Taming the monkeys: Part V and thinking SMART

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In my last post on taming the monkeys and “… what ‘not’ to do,’ I stress the importance of keeping our a.m. routines simple to avoid becoming overwhelmed. I also promised to touch on our evening routines. So why is an evening routine important? It prepares us for a successful tomorrow. Key focus areas in the p.m. might include: 1) spend time with family, 2) work on a task and/or goal; 3) review the day and 4) prep/plan for the following day. In addition, working SMARTer, not harder, is vital to success in every endeavor (in my opinion). And a second equally important component—or glue—holds it all together. But first, how do we work SMARTer? Create plans/goals that are: Specific, Measurable, Attainable, Relevant and Time-based (Trackable). Over the past month and a half, I’ve discovered myriad planning tools, but here’s a good place to start: https://www.mindtools.com/pages/article/smart-goals.htm. More planning tips and the glue that holds it all together next time.

What does your evening routine look like?

Image courtesy of Stuart Miles at FreeDigitalPhotos.net.

Taming the monkeys: Part IV and what ‘not’ to do

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In my post, “Taming the monkeys, Part III… ,” I began sharing insights on planning, plus a link to time-management thought leader Ben Hardy. Several of his articles tout the importance of planning because, according to another Ben (Franklin), If you fail to plan, then you plan to fail. First thing’s first: plan a morning (and evening—more on that later) routine that sets you up for success. As Hardy says: You make or break your life before 8 a.m. Bonus material: here’s what not to do: change too many things at one time. Keep it simple, or you’ll become overwhelmed. Hardy, himself, swears by these straightforward steps: wake up, drink water, take a cold (optional) shower, get dressed, meditate/pray, visualize/set goals, create/work. Personally, I skip the cold shower and incorporate yoga stretches into my mornings. But allow Google to be your friend as you plan a customized routine. For more ideas, visit https://21dayhero.com/morning-routines-guide/ and https://www.scienceofpeople.com/morning-routine/. Coming up: think SMART.

What three things comprise your morning routine?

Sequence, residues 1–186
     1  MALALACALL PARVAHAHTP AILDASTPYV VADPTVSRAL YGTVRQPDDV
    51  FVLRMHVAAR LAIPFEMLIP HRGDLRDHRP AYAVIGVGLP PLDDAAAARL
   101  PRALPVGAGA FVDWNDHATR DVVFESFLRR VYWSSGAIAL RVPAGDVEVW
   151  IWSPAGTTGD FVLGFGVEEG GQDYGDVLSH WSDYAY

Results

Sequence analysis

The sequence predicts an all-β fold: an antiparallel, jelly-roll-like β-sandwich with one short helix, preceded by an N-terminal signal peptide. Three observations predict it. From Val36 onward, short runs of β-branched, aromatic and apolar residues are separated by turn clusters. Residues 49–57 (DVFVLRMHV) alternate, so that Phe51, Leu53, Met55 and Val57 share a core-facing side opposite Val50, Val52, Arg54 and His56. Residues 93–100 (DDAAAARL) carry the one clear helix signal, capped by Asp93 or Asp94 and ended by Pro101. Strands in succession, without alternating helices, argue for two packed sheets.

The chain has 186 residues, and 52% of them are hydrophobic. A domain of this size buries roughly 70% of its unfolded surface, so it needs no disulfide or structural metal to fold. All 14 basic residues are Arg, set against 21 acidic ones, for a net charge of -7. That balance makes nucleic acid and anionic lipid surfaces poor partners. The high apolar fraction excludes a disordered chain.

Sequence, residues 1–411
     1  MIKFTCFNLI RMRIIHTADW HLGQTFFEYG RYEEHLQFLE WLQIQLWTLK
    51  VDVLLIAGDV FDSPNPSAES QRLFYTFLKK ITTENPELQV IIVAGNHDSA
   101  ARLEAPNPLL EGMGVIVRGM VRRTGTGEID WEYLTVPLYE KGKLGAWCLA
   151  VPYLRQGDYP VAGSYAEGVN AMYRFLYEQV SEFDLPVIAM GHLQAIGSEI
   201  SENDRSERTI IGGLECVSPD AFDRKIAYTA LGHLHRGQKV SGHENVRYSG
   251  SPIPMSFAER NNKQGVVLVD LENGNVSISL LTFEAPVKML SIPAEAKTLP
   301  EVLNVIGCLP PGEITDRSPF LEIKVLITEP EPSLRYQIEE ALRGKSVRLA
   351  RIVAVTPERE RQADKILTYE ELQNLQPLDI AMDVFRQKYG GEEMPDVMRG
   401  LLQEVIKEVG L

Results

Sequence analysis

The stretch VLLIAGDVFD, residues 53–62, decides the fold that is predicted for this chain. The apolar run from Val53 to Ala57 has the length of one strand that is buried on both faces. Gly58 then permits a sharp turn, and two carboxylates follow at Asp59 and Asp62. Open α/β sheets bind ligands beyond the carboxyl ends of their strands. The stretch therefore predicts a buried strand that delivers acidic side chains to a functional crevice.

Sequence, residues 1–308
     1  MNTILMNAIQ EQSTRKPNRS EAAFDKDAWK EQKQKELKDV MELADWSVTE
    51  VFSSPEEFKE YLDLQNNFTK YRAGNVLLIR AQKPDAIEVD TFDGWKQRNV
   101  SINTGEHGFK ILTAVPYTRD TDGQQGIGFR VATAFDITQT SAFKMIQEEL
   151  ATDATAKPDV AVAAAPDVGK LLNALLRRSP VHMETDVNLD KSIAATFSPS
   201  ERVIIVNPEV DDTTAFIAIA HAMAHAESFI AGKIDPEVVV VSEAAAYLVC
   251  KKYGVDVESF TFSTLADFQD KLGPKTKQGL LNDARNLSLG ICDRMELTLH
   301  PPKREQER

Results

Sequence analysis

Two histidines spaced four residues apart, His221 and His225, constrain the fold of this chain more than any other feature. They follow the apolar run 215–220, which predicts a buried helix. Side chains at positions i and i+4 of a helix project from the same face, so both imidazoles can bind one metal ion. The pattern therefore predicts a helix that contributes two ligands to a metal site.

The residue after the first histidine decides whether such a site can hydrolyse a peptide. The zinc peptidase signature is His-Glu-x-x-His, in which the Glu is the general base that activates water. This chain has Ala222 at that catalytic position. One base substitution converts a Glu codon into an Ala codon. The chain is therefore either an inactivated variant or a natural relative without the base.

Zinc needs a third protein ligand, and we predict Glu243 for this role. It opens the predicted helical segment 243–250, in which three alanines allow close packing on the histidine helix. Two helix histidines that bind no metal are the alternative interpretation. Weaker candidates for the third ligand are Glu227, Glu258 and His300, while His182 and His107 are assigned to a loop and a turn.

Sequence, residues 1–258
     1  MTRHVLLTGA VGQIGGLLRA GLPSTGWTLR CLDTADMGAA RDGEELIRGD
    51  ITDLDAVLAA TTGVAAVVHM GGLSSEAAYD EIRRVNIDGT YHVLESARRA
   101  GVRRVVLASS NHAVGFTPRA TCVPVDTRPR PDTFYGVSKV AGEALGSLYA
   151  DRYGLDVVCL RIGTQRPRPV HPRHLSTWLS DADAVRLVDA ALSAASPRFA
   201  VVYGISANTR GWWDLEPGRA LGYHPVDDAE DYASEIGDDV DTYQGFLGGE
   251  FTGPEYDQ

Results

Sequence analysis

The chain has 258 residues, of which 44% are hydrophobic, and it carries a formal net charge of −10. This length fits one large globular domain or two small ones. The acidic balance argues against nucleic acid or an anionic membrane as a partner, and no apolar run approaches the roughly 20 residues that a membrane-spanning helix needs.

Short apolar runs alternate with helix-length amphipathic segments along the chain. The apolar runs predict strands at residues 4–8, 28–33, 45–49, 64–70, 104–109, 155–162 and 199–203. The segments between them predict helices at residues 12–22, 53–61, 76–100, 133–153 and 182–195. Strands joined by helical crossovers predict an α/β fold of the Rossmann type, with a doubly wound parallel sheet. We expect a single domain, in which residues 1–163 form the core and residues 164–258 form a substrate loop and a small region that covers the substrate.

Image courtesy of Stuart Miles at FreeDigitalPhotos.net.

Taming the monkeys: Part III and the definition of ‘planning’ according to me

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My recent post, “Taming the monkeys with practical tips…,” came to fruition when my new friend, KM, asked me: What would it take for you to feel unstuck? My response: “I really don’t know.” It turns out the process of planning offered half the solution [see “Taming the monkeys: Part II…”]. First, what is planning and what does it constitute? To me, it’s a way to organize my thoughts into action. In other words, putting the monkey mind to good use. But where to begin? KM threw out a name: Benjamin Hardy—a time-management guru already on my radar—and an expert on planning for success by incorporating X tasks into our morning routines before 8 a.m. Check out his website at  http://benjaminhardy.com for inspiration and strategies for rapid life improvement, including a.m. habits of the [rich and] successful. But beware: I learned the hard way what not to do. That’s up next (plus more planning sites to check out).

Describe your a.m. routine with one word.

Image courtesy of Stuart Miles at FreeDigitalPhotos.net.

Wanting and doing are two different things

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ID-10098825The saying, “It’s not about having the time, it’s about making the time,” is not a new idea. As I focus on the concept of balance this year and what it means for my life as far as work, play, fitness, relationship with self and others, as well as the pursuit of my dreams, I’m reminded that if I want to do something, it takes more than desire; it requires deliberate planning. When I don’t set aside time to tackle the task at hand, something else is bound to be more appealing or easier or convenient. Just like I make a regular commitment to practice the yoga, which can fill up 2½ hours of my day including the commute, I must pencil in time for the other priorities in my life—whether it’s journaling, deepening my connections with family and friends or decluttering and decrapifying my home and my life (see https://miscellany14.wordpress.com/2015/02/17/the-40-bags-in-40-days-challenge/). If it’s important enough, I will make the time.

What will you make time for today?

[Image credit Stuart Miles and FreeDigitalPhotos.net]

Slow, lasting change

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Slow_lasting change

[Image credit: patrisyu]

There are many types of change we cannot control in our lives; e.g., we lose a loved one or get laid off from our jobs. These are sometimes sudden and unexpected changes. But the kind of change that is slow and lasting, in my opinion, is the kind that oftentimes requires baby steps before coming to fruition—like when we make changes to our eating habits, in relationships or careers—change that requires planning and deliberation if we desire a lifelong makeover. The other day in yoga, the instructor shared how Bikram yoga is more than fitness; it’s also about mental, emotional and spiritual transformation. This is the kind of change that takes place when we practice at life daily, even when we have a “bad” practice—a setback of any kind. As long as we continue to put one foot in front of the other, change is bound to happen. The kind of change that lasts.

What type of slow change has been lasting in your life?